Referring now to FIG. 3 the slave microprocessor includes a plurality of buffers 39. These buffers receive the signals on lines 18 through 21 and also the DACK signal on line 24. The output of these buffers provide a read signal on line 50 (complement of RD), a write signal on line 51 (complement of WR), a DACK signal on line 52, a CS signal on line 53 (complement of CS), and a A100 line 49 (complement of A.sub.φ). The A100 signal is coupled to one input terminal of the NOR gate 42. The other input terminal of this NOR gate receives the DACK signal, line 52. The output of this gate provides an A.sub.φ -internal signal for use by the slave microprocessor. The read and write signals, lines 50 and 51, respectively, are coupled to input terminals of an OR gate 43. The output of OR gate 43 is coupled to one input terminal of an AND gate 55. The other input terminal to this AND gate is coupled to receive the DACK signal. The output of AND gate 55 is coupled to the reset terminal of a bistable circuit (flip-flop) 46. The set terminal of the bistable circuit 46 is coupled to a port control means 47 via a line 56. Line 56 receives a signal under software control when a read of register 28 of a write to register 27 is desired. The DACK signal is also coupled to one input terminal of an OR gate 44. The CS signal is coupled to the other input terminal of this gate. The output of this OR gate, line 54, provides an internal chip select signal for the slave microprocessor.
The circuit of FIG. 3 illustrates the generation of the handshaking signals employed between the DMA controller 12 of FIG. 1 and the slave processor 13. Data may be transferred between the processor 13 under control of the controller 12, for example, to the RAM 10 without intervention by the master processor 11. When the DMA controller 12 controls the data transfer it provides the DACK signal on line 24. Since this signal is coupled to one input terminal of the OR gate 44, the output of this gate provides the internal chip select signal. This signal becomes positive when either the DACK signal is transmitted to the processor 13 or when the CS signal from the master microprocessor 11 becomes true. Thus insofar as the slave processor is concerned it sees no distinction when selected either by the controller 12 or the processor 11. The DACK signal also assures that the A100 internal signal remains low when the DACK signal is present since this signal is coupled to one input terminal of the NOR gate 42. This assures that during the reading of data from the slave processor only data register 28 is enabled.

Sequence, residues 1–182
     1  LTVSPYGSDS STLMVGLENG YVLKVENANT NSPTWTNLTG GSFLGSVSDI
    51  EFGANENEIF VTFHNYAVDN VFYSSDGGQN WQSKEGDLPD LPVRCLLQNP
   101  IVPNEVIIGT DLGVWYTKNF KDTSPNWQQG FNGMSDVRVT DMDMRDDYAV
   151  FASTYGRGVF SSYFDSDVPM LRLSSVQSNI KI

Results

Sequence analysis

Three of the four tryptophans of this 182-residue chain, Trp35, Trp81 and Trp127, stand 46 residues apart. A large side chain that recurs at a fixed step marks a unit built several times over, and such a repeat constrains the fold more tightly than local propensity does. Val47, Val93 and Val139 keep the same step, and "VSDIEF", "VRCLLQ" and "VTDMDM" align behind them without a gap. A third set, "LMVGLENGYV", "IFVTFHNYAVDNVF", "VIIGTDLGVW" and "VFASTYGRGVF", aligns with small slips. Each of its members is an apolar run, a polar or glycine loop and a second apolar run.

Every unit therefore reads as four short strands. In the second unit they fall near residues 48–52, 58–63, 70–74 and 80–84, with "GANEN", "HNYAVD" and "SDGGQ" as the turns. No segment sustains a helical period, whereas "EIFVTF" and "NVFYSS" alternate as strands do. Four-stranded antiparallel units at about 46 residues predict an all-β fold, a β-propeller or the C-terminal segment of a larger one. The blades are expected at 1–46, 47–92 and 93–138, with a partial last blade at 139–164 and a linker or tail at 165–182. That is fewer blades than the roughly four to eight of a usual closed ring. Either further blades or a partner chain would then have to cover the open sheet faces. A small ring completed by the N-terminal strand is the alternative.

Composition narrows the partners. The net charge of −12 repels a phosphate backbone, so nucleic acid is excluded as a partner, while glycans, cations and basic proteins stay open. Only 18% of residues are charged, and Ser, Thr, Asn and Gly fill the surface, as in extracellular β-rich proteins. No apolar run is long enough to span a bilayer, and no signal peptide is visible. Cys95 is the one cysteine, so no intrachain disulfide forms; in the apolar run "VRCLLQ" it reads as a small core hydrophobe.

When either the read signal or write signals are true an output signal is present at OR gate 43. When this signal is present along with the DACK signal, the flip-flop 46 is reset such that the DRQ signal on line 23 becomes low. In this manner, the controller is informed that processor 13 has received or returned data and is not in a condition to receive or return additional data. When the slave processor is ready to request another data transfer, a signal is generated on line 56 which sets the bistable circuit 46 such that a signal is provided on line 23. This signal indicates that data is requested by the processor 13. Thus for each byte of data which is transferred to or from the processor 13, the DACK and DRQ signals alternately change state. These handshaking signals allow the slave microprocessor to control the flow of large amounts of information between the RAM 10 and the slave processor 13 without intervention by the master processor 11.
Thus, a slave microprocessor has been described which is readily controlled by a master processor with a minimum of control signals and wherein the status of the slave microprocessor may be readily ascertained by the master processor. In one mode of operation the slave processor is controlled by a DMA controller thereby permitting the transfer of inforamation, by way of example, from a RAM to the slave processor without intervention by the master processor.
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|U.S. Classification||710/110, 712/E09.067|
|International Classification||G06F13/28, G06F15/17, G06F9/38|
|Cooperative Classification||G06F9/3879, G06F13/285, G06F15/17|
|European Classification||G06F9/38S1, G06F15/17, G06F13/28H|